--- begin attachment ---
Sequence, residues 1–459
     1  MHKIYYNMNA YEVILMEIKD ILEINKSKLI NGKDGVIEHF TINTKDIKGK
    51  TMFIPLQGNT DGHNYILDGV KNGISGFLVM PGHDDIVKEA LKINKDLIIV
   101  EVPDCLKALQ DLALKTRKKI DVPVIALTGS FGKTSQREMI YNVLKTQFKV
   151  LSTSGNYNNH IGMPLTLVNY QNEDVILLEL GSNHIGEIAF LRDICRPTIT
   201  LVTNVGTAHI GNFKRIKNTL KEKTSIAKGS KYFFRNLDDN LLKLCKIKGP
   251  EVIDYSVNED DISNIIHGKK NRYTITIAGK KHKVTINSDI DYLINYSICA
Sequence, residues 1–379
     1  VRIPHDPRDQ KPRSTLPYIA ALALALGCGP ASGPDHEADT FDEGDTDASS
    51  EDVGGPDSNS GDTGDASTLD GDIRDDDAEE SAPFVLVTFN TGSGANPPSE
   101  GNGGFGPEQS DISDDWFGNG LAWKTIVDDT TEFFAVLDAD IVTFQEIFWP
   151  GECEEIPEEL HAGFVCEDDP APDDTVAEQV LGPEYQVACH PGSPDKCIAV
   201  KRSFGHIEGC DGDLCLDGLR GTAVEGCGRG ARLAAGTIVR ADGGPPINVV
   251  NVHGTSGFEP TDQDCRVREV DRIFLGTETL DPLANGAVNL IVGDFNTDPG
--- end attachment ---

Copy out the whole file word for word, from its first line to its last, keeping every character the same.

Sequence, residues 1–459
     1  MHKIYYNMNA YEVILMEIKD ILEINKSKLI NGKDGVIEHF TINTKDIKGK
    51  TMFIPLQGNT DGHNYILDGV KNGISGFLVM PGHDDIVKEA LKINKDLIIV
   101  EVPDCLKALQ DLALKTRKKI DVPVIALTGS FGKTSQREMI YNVLKTQFKV
   151  LSTSGNYNNH IGMPLTLVNY QNEDVILLEL GSNHIGEIAF LRDICRPTIT
   201  LVTNVGTAHI GNFKRIKNTL KEKTSIAKGS KYFFRNLDDN LLKLCKIKGP
   251  EVIDYSVNED DISNIIHGKK NRYTITIAGK KHKVTINSDI DYLINYSICA
Sequence, residues 1–379
     1  VRIPHDPRDQ KPRSTLPYIA ALALALGCGP ASGPDHEADT FDEGDTDASS
    51  EDVGGPDSNS GDTGDASTLD GDIRDDDAEE SAPFVLVTFN TGSGANPPSE
   101  GNGGFGPEQS DISDDWFGNG LAWKTIVDDT TEFFAVLDAD IVTFQEIFWP
   151  GECEEIPEEL HAGFVCEDDP APDDTVAEQV LGPEYQVACH PGSPDKCIAV
   201  KRSFGHIEGC DGDLCLDGLR GTAVEGCGRG ARLAAGTIVR ADGGPPINVV
   251  NVHGTSGFEP TDQDCRVREV DRIFLGTETL DPLANGAVNL IVGDFNTDPG